Deep thinking on the world’s oceans

By June 24th, 2010

The world's deep ocean researchers – scientists whose field of interest extends into the uncertain world below about 2000 metres – met in Hobart this week to discuss deep ocean changes, their causes and their implications.

Changes in deep ocean conditions affect global climate, with deep warming contributing to sea-level rise and the deep ocean absorbing atmospheric carbon dioxide.

To assess change, researchers determine the amount of energy (in the form of heat), water and gases (including carbon dioxide), entering and exiting the ocean. They rely on valuable but infrequent deep ocean measurements from ships, incorporated into sophisticated computer models, to project the extent of future warming.

“The deep oceans play a crucial role in setting the rate and nature of global climate change and variability,”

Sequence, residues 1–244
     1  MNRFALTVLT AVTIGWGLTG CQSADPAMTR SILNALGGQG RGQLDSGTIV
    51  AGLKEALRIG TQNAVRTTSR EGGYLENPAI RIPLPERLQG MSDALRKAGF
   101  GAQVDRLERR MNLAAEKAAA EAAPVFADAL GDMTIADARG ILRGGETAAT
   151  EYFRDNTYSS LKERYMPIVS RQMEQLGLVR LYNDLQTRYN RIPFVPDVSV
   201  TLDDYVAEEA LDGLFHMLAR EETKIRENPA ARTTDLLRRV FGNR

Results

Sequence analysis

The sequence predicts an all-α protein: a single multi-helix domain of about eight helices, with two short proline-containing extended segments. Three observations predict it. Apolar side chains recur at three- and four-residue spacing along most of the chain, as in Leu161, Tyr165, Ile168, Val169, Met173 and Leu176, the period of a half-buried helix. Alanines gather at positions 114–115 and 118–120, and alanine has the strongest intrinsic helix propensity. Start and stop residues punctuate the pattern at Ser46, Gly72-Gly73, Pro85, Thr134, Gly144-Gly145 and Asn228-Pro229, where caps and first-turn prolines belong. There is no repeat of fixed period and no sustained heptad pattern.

says Dr Bernadette Sloyan, CSIRO Wealth from Oceans Flagship

“It may seem far removed from rising temperatures or shifts in rainfall cycles but the deep ocean is a significant component of the Earth’s climate system,” says Deep Ocean workshop coordinator, Dr Bernadette Sloyan from the CSIRO Wealth from Oceans Flagship.

“The deep oceans play a crucial role in setting the rate and nature of global climate change and variability through their moderation of heat, freshwater, and carbon cycles.

“This workshop will help guide the next three to four years of internationally focused deep ocean research, generating a greater understanding of ocean dynamics for inclusion in the next report of the Intergovernmental Panel on Climate Change.”

Despite numerous technological advances over the last several decades, ship-based surveys remain the only method for obtaining high-quality observations of a suite of physical, chemical and biological parameters over the full water column, especially for the deep ocean below two kilometres (52 per cent of global ocean volume).

Predicting climate change and sea-level rise depends critically on knowledge of the changing balances of greenhouse gases, heat and water, and the processes governing them.

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